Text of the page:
Brillo. Humans. And robots giving lectures about the future of AI. My latest Feed had me feeling like I was living in an ’80s science fiction movie. And then things got skewed. When it comes to sci-fi, where’s the line between fiction and prophesy?
So what’s Brillo? Well contrary to my initial thoughts, what it’s not is an Englishman proclaiming approval or an aid to washing up. It is in fact Apple’s new answer to the Internet of Everything. And it is terrifying. At Google’s I/O conference, Senior VP Sundar Pichai described it as “Android, polished down…an end-to-end functioning operating system.” But Brillo is also Weave, a communication layer that will enable IoT devices to talk to the cloud, each other and of course, your phone. So if you’re feeling a little lacklustre and need a pick-me-up ready for you at breakfast, no need to peel back the duvet. Just put the coffee machine on with your phone. Or if you’re mid-commute and realise you’ve forgotten to lock your door, don’t sweat it. Your mobile’s got you covered.
After listening to all this sci-fi madness unfold before me, I wandered downstairs in slight bewilderment and retold the story to my housemates. The ensuing discussion led us down some pretty scary roads. A future civilisation segregated by technology – the rich living on salaries earned by busily building up their data haul (by gardening, shopping, drinking coffee etc.) and living in tiny box apartments where they’re continuously fed personalised advertising. And the poor scavenging on dumping grounds, building shelters from reclaimed computers, and trying to grow vegetables amongst the aftermath of an ‘intelligent’ civilisation.
I’ll admit, we do have the tendency to exaggerate. But if you really think about it, how outlandish does this actually sound? This is where I entered some unsettling ground. I started to think about the connections between historical science fiction and todays reality. Robots, solar energy, space hotels and artificial intelligence. We’ve heard it all before. In books and films and TV shows, writers have been predicting our future for centuries.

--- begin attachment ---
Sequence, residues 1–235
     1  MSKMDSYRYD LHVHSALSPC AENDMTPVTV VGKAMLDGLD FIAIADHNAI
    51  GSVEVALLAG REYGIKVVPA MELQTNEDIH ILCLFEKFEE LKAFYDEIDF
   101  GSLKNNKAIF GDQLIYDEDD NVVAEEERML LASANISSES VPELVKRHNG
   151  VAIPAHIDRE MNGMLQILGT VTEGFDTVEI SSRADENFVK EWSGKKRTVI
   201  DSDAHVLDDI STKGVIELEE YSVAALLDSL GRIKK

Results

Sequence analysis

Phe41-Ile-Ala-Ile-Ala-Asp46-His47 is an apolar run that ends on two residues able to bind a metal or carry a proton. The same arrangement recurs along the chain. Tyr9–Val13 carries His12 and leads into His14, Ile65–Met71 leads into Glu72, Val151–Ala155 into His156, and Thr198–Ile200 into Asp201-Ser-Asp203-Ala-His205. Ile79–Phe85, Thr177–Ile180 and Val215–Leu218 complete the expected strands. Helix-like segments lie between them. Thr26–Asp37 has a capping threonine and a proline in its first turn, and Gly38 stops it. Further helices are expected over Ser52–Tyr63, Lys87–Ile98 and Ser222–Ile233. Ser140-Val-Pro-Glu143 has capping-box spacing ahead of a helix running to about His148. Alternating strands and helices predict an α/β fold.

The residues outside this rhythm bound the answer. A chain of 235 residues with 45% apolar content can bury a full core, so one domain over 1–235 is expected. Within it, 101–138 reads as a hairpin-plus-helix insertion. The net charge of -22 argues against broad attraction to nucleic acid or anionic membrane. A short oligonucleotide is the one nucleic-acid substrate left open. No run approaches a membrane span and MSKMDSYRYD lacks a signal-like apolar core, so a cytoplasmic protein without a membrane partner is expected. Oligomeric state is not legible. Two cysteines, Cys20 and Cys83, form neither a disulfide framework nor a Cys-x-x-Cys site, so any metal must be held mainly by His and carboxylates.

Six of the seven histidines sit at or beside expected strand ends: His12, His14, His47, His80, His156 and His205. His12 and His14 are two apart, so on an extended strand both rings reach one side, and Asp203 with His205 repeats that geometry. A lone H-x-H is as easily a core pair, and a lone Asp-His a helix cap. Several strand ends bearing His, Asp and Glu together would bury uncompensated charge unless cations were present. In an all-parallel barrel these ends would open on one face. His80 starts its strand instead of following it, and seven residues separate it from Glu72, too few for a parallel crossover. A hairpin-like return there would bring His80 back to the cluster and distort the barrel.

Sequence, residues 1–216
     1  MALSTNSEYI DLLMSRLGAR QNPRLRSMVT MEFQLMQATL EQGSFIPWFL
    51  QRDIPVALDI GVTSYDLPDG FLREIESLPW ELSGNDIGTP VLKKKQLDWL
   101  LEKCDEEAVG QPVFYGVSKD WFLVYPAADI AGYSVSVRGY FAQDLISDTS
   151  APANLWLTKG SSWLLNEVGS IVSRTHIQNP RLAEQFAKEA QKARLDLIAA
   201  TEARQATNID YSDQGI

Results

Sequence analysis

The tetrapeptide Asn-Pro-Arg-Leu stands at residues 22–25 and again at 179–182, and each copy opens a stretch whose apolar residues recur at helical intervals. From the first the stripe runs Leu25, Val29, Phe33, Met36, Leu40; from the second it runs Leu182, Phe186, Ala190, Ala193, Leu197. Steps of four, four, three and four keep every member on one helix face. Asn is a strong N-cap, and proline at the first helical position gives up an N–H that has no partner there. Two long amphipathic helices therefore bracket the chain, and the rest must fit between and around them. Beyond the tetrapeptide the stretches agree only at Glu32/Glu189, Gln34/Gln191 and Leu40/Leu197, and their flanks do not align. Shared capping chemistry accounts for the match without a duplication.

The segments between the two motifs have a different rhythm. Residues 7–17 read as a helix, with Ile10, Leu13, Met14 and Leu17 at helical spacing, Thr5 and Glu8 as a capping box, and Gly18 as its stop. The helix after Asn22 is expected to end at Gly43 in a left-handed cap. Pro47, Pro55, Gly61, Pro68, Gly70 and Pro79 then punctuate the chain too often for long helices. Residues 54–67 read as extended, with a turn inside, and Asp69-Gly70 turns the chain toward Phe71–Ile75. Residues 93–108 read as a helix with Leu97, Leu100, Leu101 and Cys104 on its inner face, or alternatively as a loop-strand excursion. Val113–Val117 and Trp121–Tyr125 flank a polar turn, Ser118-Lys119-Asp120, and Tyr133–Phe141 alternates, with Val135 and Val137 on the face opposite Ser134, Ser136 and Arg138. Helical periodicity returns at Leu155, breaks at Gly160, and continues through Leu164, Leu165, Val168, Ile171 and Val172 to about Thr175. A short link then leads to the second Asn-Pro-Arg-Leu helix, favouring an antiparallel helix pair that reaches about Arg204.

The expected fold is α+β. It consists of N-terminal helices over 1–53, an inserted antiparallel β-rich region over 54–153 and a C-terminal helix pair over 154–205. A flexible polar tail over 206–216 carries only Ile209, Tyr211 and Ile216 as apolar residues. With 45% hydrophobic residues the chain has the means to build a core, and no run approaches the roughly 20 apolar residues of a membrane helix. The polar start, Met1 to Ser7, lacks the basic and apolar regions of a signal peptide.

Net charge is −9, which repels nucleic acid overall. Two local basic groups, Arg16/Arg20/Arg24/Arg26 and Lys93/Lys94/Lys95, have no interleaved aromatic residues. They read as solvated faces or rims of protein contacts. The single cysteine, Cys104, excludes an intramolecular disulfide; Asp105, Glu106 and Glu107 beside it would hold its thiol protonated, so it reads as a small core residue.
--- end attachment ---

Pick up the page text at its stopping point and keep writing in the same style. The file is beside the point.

Here are some examples of wonderfully prophetic works from the science fiction world:
In his 1888 novel Looking Backwards, Edward Bellamy created a utopia whose citizens carry a card allowing them to spend ‘credit’ from a central bank on goods and services without paper money exchanging hands. Fast forward nearly a century and networked ATMs entered our world.
In John Carpenter’s subversive masterpiece They Live (1998), the protagonist Nada is confronted with personalised advertising everywhere he goes. Nowadays you take a peak at a dress and it follows you around the Internet until you’re forced to pull out your wallet. Next up it’s facial recognition technology (It’s already in use in UK petrol stations). And I’m sorry but the new company that’s offering to rent ad space in your own windows, is just too much.
Robots fight back
The 2004 Will Smith film I, Robot gave a terrifying insight into the dangers of relying on technology by predicting a robot uprising. This month, a man was killed in a German car factory, by a robot. I’m not usually one for sensationalism, but this really got to me. Then I heard that a guest speaking about the future of AI at TEDxBristol in November, will be an actual robot. I’ll be attending with care.
Consumer video conferencing came into the world in 1964. Crowds were struck dumb at New York World’s Fair, where AT&T displayed the ‘Picturephone’. But it was in 1911 that Hugo Gernsback’s ancient serial Ralph 124c 41+ brought us his foretelling of the technology. The tale told of a device called the ‘telephot’ that let people have eye contact while speaking across long distances. As well as awkward Skype conferences, we can also thank Gernsback for solar energy, the illustration below looks remarkably familiar.
Robert Heinlein’s Solution Unsatisfactory created a world where atomic warfare puts an end to World War II. After they use it, it spurs the rest of the world into a nuclear arms race to keep up. Published five years before Hiroshima, Heinlein’s vision of atomic destruction served as a disconcerting foretelling of the Cold War.
So how much much of science fiction is codswallop, and how often does it predict the future? Well I don’t have a ratio, but in light of this Feed, if sci-fi writers could lay off producing work with sinister tales of AI uprisings or global self-destruction, that would be swell. Just in case.
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